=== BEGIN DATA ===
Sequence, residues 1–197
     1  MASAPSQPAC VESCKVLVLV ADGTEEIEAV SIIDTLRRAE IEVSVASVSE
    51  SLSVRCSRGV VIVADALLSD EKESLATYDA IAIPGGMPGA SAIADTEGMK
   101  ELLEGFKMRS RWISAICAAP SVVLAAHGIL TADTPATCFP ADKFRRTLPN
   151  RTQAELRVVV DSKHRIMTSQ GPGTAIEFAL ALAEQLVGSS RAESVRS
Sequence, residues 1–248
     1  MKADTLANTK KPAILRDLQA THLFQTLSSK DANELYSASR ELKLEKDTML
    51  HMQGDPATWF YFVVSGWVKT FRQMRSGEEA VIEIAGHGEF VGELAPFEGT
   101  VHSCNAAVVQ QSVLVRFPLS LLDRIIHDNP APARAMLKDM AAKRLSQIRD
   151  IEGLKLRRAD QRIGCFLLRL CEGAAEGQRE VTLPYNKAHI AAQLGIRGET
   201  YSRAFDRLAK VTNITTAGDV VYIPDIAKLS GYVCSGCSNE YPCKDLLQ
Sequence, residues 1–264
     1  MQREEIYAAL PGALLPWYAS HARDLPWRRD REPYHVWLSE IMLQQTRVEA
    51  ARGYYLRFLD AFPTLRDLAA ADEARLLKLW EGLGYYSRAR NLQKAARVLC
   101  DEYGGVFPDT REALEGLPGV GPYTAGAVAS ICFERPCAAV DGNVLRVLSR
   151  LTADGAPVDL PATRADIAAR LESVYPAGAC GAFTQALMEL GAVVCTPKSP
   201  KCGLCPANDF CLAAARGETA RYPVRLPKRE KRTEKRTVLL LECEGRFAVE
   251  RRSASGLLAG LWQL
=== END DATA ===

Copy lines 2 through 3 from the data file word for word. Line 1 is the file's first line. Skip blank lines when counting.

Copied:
     1  MASAPSQPAC VESCKVLVLV ADGTEEIEAV SIIDTLRRAE IEVSVASVSE
    51  SLSVRCSRGV VIVADALLSD EKESLATYDA IAIPGGMPGA SAIADTEGMK